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New Lagoon


Former mine lagoons in the Lake District are being used for a pioneering clean-up operation being led by Newcastle University.

A new £1m scheme to clean-up metal pollution being discharged into our rivers from old mine workings is being piloted in the heart of the Lake District National Park.

The ‘vertical flow pond’, designed by experts at Newcastle University on behalf of The Coal Authority, is the first of its kind in the UK and uses compost and limestone to treat metal-rich mine water.

Work has begun at the site of the former lagoons at Force Crag mine outside Keswick, with the aim of removing the three tonnes of zinc, cadmium and lead which is being discharged every year into Bassenthwaite Lake.

Funded by Defra, the project has four partners - The Coal Authority, Environment Agency, The National Trust and Newcastle University.

The Coal Authority starts construction this month and aims to have the two ponds up and running by early next year.  If successful, this technology could be implemented at other mine sites across the country.

“Currently, three tonnes of metal is discharged from the mine every year and pollutes not only the nearby becks, but is also being transported downstream and polluting the lake,” explains Dr Adam Jarvis, a Reader in Environmental Engineering at Newcastle University.

“What we have developed is a passive treatment method which removes the metal from the water without the need for energy or chemicals.  The aim of the pilot is to test the effectiveness of this new technology on a large scale.”

Environment Minister Richard Benyon said:  “This cutting edge pilot is a great way to reduce water pollution from the mine without the need for chemicals.  It is also a good example of different organisations working together to improve local water quality.”

The project is supported by a £1 million government fund set up to combat water pollution caused by metal mines across England.  Reducing water pollution from Force Crag mine will bring real benefits to the environment and local economy.

The £1m cost includes the preparatory work, installation of the plant and the ongoing maintenance costs.  Ultimately, the aim is to treat the pollution of more than 4,000km of rivers in England.

Dr Hugh Potter, the Environment Agency’s national lead for abandoned mines, adds: “This large pilot scheme is the culmination of many years work to identify cost-effective solutions to this longstanding pollution issue.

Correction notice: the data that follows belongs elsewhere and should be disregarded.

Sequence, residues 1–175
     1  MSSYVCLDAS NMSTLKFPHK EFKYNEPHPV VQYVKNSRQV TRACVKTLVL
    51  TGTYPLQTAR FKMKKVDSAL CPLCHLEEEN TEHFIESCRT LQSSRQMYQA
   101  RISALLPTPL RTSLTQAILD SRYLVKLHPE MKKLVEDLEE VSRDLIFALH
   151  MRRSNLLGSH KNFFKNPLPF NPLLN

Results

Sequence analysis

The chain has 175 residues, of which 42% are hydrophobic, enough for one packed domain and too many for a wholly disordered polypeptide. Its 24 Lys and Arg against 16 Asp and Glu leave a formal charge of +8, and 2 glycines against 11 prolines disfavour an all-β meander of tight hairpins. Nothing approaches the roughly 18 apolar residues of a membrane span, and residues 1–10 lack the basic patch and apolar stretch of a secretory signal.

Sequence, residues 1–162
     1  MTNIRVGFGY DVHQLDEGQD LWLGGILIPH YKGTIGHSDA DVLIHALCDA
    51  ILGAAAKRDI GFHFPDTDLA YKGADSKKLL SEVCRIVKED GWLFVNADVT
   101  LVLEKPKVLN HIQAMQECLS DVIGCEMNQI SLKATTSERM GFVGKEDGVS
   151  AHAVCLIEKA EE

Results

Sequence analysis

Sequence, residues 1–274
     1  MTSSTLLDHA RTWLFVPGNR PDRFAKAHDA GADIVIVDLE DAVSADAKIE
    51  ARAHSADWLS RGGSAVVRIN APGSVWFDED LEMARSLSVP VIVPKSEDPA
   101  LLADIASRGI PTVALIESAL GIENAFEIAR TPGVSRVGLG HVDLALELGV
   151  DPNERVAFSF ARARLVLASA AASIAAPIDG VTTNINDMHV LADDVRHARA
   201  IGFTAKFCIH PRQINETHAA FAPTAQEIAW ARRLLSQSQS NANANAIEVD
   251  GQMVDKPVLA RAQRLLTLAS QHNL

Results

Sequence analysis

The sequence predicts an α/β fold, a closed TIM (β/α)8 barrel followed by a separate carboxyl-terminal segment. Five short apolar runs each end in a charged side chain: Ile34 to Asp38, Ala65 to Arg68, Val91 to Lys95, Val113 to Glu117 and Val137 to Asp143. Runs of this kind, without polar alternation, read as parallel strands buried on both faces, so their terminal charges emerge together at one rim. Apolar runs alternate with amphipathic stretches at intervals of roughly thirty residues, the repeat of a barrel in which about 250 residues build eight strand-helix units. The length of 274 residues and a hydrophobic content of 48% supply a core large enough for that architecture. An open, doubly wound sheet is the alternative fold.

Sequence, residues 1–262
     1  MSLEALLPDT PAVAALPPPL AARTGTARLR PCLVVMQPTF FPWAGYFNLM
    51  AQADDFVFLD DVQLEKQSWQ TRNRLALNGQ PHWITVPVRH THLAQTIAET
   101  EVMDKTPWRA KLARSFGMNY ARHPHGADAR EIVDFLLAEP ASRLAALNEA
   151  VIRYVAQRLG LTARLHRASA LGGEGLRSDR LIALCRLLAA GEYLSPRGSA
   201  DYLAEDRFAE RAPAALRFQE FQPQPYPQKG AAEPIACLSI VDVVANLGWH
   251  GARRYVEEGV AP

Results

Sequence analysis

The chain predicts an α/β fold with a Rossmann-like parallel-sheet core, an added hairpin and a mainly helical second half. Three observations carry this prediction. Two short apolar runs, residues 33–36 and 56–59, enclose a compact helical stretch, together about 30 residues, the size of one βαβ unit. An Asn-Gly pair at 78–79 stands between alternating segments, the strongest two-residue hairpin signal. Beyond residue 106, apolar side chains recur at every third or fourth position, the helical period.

“We need to clean up hundreds of abandoned metal mines across England, and hope that the partnership at Force Crag will pave the way for other schemes.”

“Water discharges from abandoned mines such as Force Crag are environmental legacies of our past and need to be addressed if we are to improve failing water quality in the UK,” explains John Malley, Water Advisor for the National Trust in the North West.

“DEFRA are to be applauded for their initiative in backing this, as are English Heritage, for accommodating a treatment system on the site of an ancient monument.  Improving the Bassenthwaite catchment area will ultimately support the conservation of our natural diversity, as well as providing clear, clean water.”

Steve Hill, Principal Technical Adviser of the Coal Authority, said: “The Coal Authority’s experience in remediating mine water pollution from coal mines will be used in this innovative solution to treat the polluting water discharge from former Force Crag mine.

“I believe this large scale pilot scheme will bring environmental benefits to the watercourse in the area and will lead to other metal mine sites throughout Britain being remediated in the future.

“It should be acknowledged that the focus and commitment of all the stakeholders has been instrumental in bringing this scheme to fruition.”

How a vertical flow pond works

One of the key features of the project is that it will breathe new life into the former mine lagoons.
Traditionally used to store waste, or ‘tailings’, the lagoons were a polluting but important part of the metal mining process.

The aim is to excavate these lagoons and use this material to construct the bunds of the proposed ponds which will be filled with compost and limestone to create the vertical flow pond system.

Water discharging from an old mine entrance will be re-routed through an underground pipe and fed into the top of the ponds.

The metal-rich mine water then flows down through the compost mix and metal pollutants are removed from the water.

Finally, the clean water flows into a wetland area planted with rushes which will filter out solids before the water is released back into Coledale Beck.

published on: 3 October 2013